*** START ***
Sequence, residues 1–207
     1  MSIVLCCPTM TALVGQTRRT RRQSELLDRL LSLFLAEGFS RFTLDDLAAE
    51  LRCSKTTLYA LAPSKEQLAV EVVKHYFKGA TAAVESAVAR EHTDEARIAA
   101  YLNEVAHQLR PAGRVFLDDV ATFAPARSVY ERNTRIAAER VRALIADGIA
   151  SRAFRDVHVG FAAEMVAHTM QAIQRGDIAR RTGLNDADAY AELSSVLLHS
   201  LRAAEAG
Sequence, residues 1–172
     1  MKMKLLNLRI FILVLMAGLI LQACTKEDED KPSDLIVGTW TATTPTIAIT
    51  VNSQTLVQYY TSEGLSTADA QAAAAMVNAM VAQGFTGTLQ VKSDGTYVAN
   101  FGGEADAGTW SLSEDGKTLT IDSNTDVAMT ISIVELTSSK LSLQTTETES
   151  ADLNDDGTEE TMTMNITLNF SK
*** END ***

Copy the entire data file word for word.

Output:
Sequence, residues 1–207
     1  MSIVLCCPTM TALVGQTRRT RRQSELLDRL LSLFLAEGFS RFTLDDLAAE
    51  LRCSKTTLYA LAPSKEQLAV EVVKHYFKGA TAAVESAVAR EHTDEARIAA
   101  YLNEVAHQLR PAGRVFLDDV ATFAPARSVY ERNTRIAAER VRALIADGIA
   151  SRAFRDVHVG FAAEMVAHTM QAIQRGDIAR RTGLNDADAY AELSSVLLHS
   201  LRAAEAG
Sequence, residues 1–172
     1  MKMKLLNLRI FILVLMAGLI LQACTKEDED KPSDLIVGTW TATTPTIAIT
    51  VNSQTLVQYY TSEGLSTADA QAAAAMVNAM VAQGFTGTLQ VKSDGTYVAN
   101  FGGEADAGTW SLSEDGKTLT IDSNTDVAMT ISIVELTSSK LSLQTTETES
   151  ADLNDDGTEE TMTMNITLNF SK